Results of mortality cohort study of problem drug users in Poland.
Method: The study was conducted using longitudinal, retrospective method. All problem drug users attending residential treatment due to mental disorders related to drug use in the 2000-2014 period were enrolled. The observation period was 2000-2016. The vital status was checked using national electronic population register.
Results: Among 42 771 persons admitted to treatment with known vital status 5 489 persons died (12.8%). The mortality crude rate (CMR) was 15.8 deaths per 1000 person-years while standardized mortality ratio (SMR) – 3.4. The ratio is higher for males 4.6 than for females 2.1. Decreasing trend was noted in both CMR and SMR. CMR decreased from 48 per 1000 person-years in 2000 to 15 per 1000 person-years in 2016. The SMR went down from 85 in 2000 to 19 in 2016. The survival analyze shows that cumulative risk of deaths increases faster among cohorts earlier admitted to the treatment than cohorts later enrolled to the treatment. The results of Cox regression show that risk of deaths is higher for males, low educated people, homeless or staying alone, having basic income from sources other than permanent job, having F11 diagnoses at the moment of entry to cohort and finishing unsuccessfully that treatment episode. Risk of deaths is increasing with increasing age. The drug related deaths according to EMCDDA definition constitute only 5.3% of all deaths.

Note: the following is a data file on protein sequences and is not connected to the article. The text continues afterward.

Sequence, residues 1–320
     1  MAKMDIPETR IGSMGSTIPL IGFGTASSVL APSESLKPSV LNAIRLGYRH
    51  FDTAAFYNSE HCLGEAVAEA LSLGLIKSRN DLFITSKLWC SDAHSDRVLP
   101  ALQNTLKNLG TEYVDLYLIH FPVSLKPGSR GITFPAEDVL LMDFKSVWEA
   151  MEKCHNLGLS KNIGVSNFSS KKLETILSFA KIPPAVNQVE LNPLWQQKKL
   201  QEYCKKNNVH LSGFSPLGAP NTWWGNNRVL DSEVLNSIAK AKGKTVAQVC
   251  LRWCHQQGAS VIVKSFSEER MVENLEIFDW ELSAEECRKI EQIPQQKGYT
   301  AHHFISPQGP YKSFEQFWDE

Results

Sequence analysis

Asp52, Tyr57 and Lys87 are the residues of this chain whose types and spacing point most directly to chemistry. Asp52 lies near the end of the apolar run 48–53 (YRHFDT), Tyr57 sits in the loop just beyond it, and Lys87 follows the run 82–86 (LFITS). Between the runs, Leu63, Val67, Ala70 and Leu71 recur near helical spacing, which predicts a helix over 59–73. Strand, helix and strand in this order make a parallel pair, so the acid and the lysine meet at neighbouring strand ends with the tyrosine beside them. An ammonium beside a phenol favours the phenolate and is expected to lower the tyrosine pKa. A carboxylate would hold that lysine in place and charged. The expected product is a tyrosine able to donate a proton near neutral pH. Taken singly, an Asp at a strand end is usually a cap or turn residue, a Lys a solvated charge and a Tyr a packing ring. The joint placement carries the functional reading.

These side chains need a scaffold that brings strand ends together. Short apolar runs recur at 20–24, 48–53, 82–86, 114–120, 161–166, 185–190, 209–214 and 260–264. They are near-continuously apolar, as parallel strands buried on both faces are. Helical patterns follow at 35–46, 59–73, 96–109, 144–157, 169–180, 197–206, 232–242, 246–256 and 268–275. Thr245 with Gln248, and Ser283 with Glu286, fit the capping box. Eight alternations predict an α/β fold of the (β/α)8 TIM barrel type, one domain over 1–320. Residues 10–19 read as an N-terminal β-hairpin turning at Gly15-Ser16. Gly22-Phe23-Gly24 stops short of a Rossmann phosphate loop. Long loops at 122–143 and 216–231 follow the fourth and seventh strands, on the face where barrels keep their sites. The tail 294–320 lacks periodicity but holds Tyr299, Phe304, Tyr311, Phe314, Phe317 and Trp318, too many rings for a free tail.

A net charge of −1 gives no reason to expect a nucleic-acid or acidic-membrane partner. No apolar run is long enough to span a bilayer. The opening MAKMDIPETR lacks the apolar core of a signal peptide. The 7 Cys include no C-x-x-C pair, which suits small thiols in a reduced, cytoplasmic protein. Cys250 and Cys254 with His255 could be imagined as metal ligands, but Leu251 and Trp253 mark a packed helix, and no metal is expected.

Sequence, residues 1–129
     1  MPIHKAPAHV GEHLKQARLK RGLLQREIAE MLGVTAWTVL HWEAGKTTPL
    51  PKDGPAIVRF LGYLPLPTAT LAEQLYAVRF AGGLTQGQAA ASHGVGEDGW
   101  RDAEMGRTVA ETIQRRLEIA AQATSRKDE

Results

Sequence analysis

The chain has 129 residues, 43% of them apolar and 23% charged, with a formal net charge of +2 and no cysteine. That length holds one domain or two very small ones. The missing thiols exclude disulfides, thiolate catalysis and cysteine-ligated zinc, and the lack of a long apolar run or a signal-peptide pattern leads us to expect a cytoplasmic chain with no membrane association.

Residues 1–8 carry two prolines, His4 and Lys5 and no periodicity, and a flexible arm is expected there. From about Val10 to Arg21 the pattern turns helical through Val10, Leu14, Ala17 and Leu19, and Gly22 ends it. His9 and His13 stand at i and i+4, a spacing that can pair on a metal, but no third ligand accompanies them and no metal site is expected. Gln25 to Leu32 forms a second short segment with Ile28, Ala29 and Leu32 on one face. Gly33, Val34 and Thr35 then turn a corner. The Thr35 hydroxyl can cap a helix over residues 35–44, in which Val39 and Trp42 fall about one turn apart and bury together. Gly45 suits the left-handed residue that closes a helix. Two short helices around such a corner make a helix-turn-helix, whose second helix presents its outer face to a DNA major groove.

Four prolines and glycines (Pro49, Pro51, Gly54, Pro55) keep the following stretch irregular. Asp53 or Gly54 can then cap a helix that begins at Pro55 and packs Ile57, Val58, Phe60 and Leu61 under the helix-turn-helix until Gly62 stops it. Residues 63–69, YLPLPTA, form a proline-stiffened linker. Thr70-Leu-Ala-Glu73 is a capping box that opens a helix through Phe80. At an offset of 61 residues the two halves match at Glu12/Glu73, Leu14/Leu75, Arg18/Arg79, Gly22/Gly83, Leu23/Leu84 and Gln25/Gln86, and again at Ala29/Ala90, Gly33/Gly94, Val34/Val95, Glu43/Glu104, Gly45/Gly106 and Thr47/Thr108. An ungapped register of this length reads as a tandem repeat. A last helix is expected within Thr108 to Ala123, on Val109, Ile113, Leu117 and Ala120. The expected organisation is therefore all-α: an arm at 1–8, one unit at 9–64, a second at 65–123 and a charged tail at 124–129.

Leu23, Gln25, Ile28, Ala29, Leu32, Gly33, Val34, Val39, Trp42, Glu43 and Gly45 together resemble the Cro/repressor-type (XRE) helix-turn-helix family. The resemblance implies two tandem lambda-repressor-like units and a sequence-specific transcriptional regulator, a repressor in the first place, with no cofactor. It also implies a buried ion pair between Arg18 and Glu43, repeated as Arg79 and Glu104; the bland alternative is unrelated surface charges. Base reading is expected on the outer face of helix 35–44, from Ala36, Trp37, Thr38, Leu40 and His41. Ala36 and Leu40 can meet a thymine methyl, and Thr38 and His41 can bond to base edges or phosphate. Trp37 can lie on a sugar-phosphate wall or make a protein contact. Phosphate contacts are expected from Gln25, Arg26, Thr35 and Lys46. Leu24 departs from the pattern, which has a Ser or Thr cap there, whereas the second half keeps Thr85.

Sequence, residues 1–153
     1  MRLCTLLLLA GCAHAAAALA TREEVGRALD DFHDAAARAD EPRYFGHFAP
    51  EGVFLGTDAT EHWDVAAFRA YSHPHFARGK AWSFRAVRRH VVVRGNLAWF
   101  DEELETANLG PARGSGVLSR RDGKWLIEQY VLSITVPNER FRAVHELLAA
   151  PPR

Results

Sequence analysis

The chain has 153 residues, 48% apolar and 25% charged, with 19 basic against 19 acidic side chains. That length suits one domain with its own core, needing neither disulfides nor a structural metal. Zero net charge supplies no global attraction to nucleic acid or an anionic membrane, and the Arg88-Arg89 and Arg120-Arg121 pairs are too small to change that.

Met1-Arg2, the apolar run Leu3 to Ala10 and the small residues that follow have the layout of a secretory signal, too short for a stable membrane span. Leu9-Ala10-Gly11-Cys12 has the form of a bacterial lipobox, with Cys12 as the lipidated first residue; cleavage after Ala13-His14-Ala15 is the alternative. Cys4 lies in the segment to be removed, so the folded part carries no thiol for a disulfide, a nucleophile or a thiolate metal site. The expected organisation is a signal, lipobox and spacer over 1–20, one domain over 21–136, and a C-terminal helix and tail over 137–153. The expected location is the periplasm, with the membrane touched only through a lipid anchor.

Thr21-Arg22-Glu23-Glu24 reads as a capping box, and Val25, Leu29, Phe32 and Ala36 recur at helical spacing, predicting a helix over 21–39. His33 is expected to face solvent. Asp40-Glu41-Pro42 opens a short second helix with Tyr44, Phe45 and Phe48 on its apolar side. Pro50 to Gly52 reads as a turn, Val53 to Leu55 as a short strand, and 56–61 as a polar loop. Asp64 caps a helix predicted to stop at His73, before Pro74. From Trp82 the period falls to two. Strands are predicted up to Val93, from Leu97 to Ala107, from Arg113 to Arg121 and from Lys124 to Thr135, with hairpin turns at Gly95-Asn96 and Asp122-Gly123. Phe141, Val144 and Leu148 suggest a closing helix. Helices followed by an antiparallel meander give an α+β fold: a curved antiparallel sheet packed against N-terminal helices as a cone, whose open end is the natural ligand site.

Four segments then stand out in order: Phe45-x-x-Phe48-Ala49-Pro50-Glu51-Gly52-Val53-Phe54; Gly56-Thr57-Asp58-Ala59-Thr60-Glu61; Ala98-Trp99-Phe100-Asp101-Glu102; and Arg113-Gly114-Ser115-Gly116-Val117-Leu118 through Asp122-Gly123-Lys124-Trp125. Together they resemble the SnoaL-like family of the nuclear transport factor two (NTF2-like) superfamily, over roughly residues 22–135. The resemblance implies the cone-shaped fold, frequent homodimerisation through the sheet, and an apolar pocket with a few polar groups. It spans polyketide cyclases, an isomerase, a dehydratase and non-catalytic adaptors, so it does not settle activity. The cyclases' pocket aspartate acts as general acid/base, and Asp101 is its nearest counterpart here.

Conclusion: Low social and economic position is an important factor of mortality among problem drug users. Decreasing trend in mortality can be related to changes in drug use pattern and development in harm reduction measures.